Very few people really like change. Those who say they do may really be talking about variety — like trading cars or upgrading to the newest phone.

Consequential change is ofine a painful process.

Sometime ago I ran across this Networking Exchange blog post by Alan See. The post points out that in the early 20th century, with projections that by 1925 every adult woman in America would be needed to staff Bell Telephone’s manual switchboard system, the company introduced the first automatic switchboard. The change was met with skepticism, and questions about the elimination of a human being from the process of managing phone traffic.

For similar stories, see initial reactions to such innovations as the Model T. Or the ATM. Or browse today’s skepticism regarding the role “AI” might play in professional services.

In the average organization a measure of success, not to mention the comfort zone provided by precedent, fight against change.

On the other hand, pain is frequently the real agent of change in our midst.

But delaying innovation until pain is registered doesn’t seem to be the best strategy for survival in a volatile market…let alone growth.

With this in mind it is useful to be alert to two responses that often signal a fear of change. And an opportunity to innovate, missed.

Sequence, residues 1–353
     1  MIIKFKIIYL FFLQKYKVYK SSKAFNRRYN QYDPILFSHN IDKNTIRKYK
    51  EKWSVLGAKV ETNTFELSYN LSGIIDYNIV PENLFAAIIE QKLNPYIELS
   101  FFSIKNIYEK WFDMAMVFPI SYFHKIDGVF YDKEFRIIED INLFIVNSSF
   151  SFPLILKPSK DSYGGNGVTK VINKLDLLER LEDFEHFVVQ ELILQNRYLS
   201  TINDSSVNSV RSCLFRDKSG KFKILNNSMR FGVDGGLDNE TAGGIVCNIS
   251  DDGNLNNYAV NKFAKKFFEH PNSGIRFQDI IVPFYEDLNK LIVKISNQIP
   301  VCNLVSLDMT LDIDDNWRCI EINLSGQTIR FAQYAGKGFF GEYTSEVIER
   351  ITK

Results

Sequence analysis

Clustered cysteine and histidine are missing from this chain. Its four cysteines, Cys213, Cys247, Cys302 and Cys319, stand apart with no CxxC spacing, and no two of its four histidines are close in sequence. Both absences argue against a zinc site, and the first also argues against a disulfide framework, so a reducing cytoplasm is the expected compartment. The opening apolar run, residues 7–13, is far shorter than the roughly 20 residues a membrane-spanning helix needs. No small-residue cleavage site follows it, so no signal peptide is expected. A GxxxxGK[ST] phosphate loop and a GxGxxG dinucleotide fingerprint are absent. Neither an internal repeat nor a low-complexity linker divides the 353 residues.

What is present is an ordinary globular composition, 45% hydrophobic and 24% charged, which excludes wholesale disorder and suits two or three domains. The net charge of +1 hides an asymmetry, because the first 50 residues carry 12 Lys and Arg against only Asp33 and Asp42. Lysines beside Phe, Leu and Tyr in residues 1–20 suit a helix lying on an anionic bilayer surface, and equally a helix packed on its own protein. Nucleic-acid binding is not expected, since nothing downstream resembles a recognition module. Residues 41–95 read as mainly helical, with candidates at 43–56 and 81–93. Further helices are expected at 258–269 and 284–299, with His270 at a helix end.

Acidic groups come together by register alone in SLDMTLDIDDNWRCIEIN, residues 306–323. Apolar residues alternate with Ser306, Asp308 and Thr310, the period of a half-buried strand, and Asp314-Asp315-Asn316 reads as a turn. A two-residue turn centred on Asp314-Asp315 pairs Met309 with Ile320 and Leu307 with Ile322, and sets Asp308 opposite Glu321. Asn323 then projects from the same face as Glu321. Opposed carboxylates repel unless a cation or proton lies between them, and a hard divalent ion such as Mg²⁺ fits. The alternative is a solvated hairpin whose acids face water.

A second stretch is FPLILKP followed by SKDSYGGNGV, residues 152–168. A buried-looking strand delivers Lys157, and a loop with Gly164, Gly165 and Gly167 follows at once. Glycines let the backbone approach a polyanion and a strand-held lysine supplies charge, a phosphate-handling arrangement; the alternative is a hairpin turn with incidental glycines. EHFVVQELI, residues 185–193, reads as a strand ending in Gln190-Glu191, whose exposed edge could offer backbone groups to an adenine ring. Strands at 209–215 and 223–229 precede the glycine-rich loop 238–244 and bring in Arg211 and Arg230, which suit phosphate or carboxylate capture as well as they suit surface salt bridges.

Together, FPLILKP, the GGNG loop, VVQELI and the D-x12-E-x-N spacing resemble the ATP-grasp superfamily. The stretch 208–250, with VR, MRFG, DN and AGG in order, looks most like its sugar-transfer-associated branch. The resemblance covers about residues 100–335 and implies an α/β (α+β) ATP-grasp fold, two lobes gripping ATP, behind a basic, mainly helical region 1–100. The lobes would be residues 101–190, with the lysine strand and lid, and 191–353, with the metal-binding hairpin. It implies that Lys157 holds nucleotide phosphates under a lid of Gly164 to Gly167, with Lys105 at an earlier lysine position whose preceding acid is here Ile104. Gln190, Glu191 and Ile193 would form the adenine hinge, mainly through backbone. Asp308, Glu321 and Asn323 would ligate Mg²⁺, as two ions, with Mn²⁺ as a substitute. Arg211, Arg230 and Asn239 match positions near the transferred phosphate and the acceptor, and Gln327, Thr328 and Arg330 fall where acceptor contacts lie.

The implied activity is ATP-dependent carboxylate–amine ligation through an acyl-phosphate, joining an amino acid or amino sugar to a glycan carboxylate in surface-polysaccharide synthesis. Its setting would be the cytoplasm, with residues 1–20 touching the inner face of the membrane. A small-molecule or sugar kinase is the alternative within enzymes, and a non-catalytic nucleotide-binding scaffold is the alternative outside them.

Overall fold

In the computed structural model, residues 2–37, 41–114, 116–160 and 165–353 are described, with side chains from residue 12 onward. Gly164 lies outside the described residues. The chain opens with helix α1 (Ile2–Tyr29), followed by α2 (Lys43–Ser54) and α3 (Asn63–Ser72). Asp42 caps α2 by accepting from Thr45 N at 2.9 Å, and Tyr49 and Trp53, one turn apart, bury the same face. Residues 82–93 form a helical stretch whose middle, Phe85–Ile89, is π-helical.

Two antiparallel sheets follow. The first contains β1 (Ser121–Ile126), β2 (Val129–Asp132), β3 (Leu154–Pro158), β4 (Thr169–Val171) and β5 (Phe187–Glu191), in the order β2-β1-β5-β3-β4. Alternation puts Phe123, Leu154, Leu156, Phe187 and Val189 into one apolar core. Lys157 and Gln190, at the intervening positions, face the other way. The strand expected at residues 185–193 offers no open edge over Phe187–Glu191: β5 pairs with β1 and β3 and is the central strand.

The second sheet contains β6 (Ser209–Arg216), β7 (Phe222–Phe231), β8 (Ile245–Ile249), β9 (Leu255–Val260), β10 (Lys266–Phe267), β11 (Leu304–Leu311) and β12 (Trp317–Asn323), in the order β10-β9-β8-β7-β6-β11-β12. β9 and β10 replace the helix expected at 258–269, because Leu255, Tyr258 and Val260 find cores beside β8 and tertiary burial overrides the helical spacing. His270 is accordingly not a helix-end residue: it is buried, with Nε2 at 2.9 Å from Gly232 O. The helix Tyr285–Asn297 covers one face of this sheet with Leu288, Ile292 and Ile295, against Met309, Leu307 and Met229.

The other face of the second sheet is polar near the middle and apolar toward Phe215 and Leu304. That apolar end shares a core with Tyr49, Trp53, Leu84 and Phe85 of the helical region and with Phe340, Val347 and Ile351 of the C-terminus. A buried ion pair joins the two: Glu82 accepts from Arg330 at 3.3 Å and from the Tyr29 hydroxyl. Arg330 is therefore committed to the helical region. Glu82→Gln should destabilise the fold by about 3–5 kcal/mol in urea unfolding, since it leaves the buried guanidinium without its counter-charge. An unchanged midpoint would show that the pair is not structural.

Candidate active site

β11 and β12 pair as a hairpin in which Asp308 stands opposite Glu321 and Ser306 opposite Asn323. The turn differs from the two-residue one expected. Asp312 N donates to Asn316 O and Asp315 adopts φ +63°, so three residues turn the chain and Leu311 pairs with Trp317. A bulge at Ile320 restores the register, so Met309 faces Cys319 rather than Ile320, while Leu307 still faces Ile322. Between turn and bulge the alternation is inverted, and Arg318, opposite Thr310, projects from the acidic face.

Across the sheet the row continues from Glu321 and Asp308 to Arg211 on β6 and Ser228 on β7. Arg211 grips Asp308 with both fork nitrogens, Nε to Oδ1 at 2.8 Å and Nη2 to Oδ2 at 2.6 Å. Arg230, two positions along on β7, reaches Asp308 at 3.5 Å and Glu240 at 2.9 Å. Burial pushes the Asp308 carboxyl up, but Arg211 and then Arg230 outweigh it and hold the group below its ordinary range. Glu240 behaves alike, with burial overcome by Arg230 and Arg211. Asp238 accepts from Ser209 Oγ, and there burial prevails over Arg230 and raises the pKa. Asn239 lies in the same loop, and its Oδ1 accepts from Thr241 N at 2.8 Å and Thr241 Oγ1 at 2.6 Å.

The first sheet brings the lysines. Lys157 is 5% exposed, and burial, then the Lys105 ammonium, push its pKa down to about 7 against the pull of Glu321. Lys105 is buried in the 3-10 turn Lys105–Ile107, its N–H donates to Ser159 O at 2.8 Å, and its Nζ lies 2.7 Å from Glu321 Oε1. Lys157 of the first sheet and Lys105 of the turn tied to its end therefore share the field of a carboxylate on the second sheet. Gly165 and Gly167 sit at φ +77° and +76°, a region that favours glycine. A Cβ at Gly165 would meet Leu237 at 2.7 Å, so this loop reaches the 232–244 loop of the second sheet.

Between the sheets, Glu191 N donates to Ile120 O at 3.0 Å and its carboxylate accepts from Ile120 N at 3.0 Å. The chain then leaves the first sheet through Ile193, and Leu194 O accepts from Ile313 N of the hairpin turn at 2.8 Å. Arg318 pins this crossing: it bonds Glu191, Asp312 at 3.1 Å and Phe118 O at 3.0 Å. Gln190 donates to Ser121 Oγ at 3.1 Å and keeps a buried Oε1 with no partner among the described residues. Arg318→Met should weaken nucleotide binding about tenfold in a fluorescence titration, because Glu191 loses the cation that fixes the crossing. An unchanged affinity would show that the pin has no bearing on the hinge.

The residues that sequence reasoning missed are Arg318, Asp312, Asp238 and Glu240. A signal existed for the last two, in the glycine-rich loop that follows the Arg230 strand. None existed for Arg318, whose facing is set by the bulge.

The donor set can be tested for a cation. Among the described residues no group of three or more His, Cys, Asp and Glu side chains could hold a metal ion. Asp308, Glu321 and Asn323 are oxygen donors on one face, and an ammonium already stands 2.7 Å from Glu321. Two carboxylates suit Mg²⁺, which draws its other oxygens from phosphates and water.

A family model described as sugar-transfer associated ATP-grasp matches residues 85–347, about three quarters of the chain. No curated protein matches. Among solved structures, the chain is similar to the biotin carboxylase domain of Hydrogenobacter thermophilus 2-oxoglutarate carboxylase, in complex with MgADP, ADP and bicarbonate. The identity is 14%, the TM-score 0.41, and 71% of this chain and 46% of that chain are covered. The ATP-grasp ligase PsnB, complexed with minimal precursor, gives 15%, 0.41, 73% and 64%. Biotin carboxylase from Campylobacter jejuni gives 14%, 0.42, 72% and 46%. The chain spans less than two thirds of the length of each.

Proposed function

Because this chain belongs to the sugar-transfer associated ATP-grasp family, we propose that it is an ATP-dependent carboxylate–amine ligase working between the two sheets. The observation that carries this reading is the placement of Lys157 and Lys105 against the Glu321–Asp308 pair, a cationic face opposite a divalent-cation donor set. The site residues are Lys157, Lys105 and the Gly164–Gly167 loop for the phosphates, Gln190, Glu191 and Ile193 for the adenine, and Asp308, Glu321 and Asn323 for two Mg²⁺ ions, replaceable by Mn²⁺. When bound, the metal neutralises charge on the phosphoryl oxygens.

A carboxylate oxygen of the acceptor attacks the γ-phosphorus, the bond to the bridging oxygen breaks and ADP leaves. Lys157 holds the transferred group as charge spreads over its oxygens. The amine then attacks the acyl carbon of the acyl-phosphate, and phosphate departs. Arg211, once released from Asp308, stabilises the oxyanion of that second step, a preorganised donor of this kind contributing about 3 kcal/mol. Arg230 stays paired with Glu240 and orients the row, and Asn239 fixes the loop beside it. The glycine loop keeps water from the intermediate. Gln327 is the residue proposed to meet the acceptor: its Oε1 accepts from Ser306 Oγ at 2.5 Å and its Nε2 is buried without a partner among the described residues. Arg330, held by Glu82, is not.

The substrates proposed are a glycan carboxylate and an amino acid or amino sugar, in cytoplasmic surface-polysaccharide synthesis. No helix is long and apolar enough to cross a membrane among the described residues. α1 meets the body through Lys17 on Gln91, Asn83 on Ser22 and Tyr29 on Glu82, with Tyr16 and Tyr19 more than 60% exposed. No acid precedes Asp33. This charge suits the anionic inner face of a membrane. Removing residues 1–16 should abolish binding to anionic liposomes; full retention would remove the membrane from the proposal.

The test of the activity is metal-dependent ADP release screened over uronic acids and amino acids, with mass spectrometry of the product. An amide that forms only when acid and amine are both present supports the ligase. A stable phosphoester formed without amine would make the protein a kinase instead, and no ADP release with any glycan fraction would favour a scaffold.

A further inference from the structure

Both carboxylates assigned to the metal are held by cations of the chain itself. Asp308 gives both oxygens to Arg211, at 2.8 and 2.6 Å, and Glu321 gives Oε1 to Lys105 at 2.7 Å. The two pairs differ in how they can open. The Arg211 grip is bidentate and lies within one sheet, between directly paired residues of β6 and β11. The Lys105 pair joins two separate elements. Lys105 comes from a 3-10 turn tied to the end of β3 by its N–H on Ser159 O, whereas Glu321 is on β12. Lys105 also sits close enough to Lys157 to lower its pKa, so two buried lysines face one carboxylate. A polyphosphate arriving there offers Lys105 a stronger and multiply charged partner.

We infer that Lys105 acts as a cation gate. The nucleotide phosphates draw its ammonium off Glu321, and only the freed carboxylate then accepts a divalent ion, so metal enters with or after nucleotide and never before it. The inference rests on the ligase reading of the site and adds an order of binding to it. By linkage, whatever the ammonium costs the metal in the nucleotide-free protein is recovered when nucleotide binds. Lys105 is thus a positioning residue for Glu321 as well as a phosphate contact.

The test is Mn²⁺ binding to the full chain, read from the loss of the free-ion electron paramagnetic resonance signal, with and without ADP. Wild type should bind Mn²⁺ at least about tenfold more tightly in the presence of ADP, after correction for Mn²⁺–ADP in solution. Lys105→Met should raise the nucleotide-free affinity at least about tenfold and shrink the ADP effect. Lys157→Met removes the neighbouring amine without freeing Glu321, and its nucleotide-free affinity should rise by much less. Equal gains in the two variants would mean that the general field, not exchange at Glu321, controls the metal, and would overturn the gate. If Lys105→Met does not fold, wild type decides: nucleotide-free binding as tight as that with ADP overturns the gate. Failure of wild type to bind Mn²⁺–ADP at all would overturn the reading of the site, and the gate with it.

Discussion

1. The “we already do that” response. Leaders who inspire innovation are slow to equate proposed changes with something already in place. I know a Director whose proposal for a strategic initiative was cut short because her boss either assumed all such initiatives are the same, or that there was no need for change. Opportunity lost.
  2. The “I’ve done that job, so I understand what is involved” response. Right. Talk to an audio engineer about the knowledge and skills required for the job today compare to a decade ago. No matter the task, the instant we assume the way we used to do it is the way it should always be done, we are rejecting the possibility that change might be in order.

This is not to suggest that just because change is possible we should instantly embrace it. Innovation rarely comes cheap. Clearly, changing for the sake of change is not wise. There is almost always an impact on budget, culture, and long-standing process. Leadership and management are about doing the homework, counting the cost, and insuring that you’re pursuing a change for the better. As Alan’s post suggests, the most potent change may come in increments that begin with the question, “how can we improve.”

“We’ve always done it this way”, or “we never did that before” — or “don’t mess with anything that isn’t broken” — these are not good reasons for sticking with the status quo. In fact, these responses may signal a coming demise. To the degree these are knee-jerk responses to new ideas, they are at the heart of our inability to innovate and grow.

The marketplace moves into uncharted territory with each new day. Those who lead constantly ask whether there is a better way to accomplish our tasks, benefit our stakeholders, and serve our clients.